I am mad… and anyone who isn’t is mad

You know what else I love about my Luo tribe—apart from Obama and Lupita Nyong’o—? The accent! Yes Omera! Let me tell you how the fun in that accent got me kicked out of a physics class. The thought of it alone just makes me laugh this late in my bedroom, I look crazy. Oh I have an extensive laughter. I think what I lack for in body size I make up for with the size of my forehead and laughter. Check out my maxi dress… and the forehead…and of course the laughter! By the way, I wear my own designs 95 per cent of the time. You can see/buy/ask to be tailored  any clothe I wear others on my Instagram here. You can also check out my Facebook page here

Let us laugh. Photo/Sandra Ruong'o
Let us laugh. Photo/Sandra Ruong’o

In 2004, the travails of life plucked me from my dream school to a modest day school in Nyanza in Rongo called Rongo Junior for a term. I was in form two. During the physics lesson, I heard the teacher say “the electrons are ‘sealded’”. I thought, “oh well, Physics is a technical subject so let me write this word down and hear about what it means as the lesson progresses. Spell I did. S.E.A.L.D.E.D. When I lifted my head from the book, I saw what the teacher had written “The electrons are SHIELDED” on the chalkboard! Having been brought up among the Kikuyu, this was all new to me so I burst out laughing. Thunderously! The teacher and my classmates were surprised. Remember this is a near rural school with those colonial tendencies where students stand up when they speak to the teacher, curtsy and everything. So here I was, laughing and wailing with tears on my eyes in the lesson of a graduate teacher—yes that meant a lot here— and he was not amused. He asked me whether I could share the joke, and amid sobs I explained the joke. I stopped laughing and sped out when I saw him advancing with a stick. Needless to say I was banned from attending the Physics class the whole term.

Maybe this is how we walked out of the Physics class. Photo/Sandra Ruong'o
Maybe this is how we walked out of the Physics class. Photo/Sandra Ruong’o

A day before that I had been called to the assembly to read out the names of those due for punishment only to hear that my desk mate was to be among them. When I read the crime for which he was to be punished, I exploded in the assembly ground again. The whole school watched my whole body spasm… and the tears as I read my desk mate’s crime. To the History question “Who invented the steam locomotive in the 18th century?” he had filled the name Denish Onyango, the math genius who sat across us. I met one of my classmates in Rongo Juinor—Basil Okoth— at the university four years later (2008) and he noticed I was still laughing loudly.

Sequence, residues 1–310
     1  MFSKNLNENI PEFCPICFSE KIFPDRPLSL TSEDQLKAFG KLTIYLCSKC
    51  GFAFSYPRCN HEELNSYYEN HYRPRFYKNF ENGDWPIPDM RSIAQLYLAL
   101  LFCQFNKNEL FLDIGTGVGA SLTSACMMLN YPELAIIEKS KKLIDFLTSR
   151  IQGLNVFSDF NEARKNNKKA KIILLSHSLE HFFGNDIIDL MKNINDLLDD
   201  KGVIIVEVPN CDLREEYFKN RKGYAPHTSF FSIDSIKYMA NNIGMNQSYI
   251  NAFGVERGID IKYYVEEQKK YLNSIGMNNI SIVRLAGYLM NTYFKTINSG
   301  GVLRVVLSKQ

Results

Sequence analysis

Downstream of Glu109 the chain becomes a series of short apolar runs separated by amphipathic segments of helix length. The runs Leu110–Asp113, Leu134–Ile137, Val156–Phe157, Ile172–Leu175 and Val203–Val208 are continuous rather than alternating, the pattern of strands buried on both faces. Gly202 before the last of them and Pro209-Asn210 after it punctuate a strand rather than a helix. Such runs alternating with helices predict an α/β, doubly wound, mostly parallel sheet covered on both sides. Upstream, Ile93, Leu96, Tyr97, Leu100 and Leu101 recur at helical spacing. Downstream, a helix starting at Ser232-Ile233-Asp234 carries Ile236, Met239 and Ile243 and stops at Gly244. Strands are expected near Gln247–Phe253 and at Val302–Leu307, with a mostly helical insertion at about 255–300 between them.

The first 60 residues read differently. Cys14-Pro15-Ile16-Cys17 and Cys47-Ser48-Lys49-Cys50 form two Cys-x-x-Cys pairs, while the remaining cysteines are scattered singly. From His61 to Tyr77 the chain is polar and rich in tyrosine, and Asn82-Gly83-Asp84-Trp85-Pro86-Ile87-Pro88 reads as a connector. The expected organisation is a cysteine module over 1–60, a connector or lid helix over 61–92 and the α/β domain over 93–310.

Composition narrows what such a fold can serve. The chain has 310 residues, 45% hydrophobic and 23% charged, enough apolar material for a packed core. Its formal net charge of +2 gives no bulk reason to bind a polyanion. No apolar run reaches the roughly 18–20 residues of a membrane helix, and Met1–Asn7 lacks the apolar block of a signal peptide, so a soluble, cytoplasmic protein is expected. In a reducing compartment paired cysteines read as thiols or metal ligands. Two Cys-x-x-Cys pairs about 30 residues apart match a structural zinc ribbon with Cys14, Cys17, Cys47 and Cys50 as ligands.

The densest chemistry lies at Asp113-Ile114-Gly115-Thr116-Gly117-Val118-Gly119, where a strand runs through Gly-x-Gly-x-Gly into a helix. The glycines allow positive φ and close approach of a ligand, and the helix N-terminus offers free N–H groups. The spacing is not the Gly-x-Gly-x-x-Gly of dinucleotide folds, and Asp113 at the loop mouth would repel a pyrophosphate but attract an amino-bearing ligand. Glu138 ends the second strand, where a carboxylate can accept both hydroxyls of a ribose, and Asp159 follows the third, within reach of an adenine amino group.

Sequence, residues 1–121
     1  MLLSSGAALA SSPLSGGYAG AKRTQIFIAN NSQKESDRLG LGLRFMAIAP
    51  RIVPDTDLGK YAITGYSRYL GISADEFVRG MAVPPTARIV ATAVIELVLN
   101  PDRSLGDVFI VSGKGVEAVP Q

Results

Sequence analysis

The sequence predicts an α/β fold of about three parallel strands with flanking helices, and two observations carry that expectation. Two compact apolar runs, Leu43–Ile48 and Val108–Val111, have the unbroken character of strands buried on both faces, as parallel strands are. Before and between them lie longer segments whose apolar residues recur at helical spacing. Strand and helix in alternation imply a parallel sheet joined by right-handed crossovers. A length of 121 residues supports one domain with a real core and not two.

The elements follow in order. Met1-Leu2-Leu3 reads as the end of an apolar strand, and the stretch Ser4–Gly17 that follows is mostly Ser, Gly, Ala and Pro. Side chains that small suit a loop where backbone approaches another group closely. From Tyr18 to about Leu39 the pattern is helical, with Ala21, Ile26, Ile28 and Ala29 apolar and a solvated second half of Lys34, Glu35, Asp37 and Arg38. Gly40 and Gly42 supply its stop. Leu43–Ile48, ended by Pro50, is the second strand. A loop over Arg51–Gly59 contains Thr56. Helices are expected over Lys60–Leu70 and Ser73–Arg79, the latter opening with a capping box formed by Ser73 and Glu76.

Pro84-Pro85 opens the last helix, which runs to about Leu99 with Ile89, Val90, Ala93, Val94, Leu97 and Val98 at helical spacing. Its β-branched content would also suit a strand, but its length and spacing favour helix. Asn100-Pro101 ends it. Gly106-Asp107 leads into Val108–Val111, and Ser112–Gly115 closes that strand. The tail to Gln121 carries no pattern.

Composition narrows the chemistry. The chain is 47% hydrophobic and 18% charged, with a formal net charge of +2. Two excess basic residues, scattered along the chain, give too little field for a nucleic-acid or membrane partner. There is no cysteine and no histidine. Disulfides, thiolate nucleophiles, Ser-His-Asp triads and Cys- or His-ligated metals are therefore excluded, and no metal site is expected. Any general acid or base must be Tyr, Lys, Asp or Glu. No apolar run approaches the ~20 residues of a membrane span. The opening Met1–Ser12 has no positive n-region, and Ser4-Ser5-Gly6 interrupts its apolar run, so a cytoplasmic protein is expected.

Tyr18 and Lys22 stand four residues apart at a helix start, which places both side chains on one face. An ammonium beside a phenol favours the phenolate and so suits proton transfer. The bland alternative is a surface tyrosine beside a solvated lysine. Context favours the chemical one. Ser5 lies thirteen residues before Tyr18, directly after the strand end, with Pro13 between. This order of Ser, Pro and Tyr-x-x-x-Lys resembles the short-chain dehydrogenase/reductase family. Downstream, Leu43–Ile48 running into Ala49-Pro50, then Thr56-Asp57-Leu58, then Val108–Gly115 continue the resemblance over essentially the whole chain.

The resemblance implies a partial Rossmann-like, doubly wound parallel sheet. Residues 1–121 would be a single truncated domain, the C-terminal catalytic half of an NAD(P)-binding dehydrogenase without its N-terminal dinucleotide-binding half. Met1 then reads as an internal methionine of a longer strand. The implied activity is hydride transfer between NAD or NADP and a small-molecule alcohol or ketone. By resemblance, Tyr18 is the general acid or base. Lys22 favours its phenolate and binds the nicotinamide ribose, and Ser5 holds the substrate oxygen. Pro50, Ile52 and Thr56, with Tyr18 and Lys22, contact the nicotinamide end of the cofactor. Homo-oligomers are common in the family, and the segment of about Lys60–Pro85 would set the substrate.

And even laugh even the more. Photo/Sandra Ruong'o
And even laugh even the more. Photo/Sandra Ruong’o

And such is life these days. The world will try to fit you in a box if you are not as trendy, or the person that is updated of the latest hashtag. I have blogged about how my inability to keep up with my generation has made me a social misfit. I am, let’s say that again, socially awkward. Today, I showed up late for an interview. My interviewee asked me what had happened, I gushed “You know I think I am ovulating because I woke up with this huge craving porridge I had to make a cup for myself, and then when I was about to light the oven I realised the matchbox was missing and I looked for it all over the house for one hour only to realise it was inside one of the cooking pans near me. Can you imagine this inanimate things?” I cannot measure them, but I could have sworn as soon as those words were out of my mouth, my eyes widened… and you can see they are already large. He laughed and said “should we order for more porridge from the waiter before the interview?”

I always thought I was hopeless. A couple of weeks ago, I made new friends through my friend Dr Wala. These friends’ awkwardness made me shout “Thank you Jesus I am normal!” What I loved about these women was how attractive their aura was, you wanted to sit there and listen to them gush about the funny things they did and laughed about them later. They were so free in their flaws, it made them so beautiful.

So at this moment, in this dark silent night, I am looking at sketches that defy every rule that I know about garment construction and colour combinations. In Verah Okeyo’s next line of clothes, I want to break rules in tailoring to allow people to wear what represent their inner energy. Our beauty can be wild, inhibited, free and warm.So I will be here after a month, and we will allow all of us to show us their own #WildBeauty.

Please tell me about your #WildBeauty

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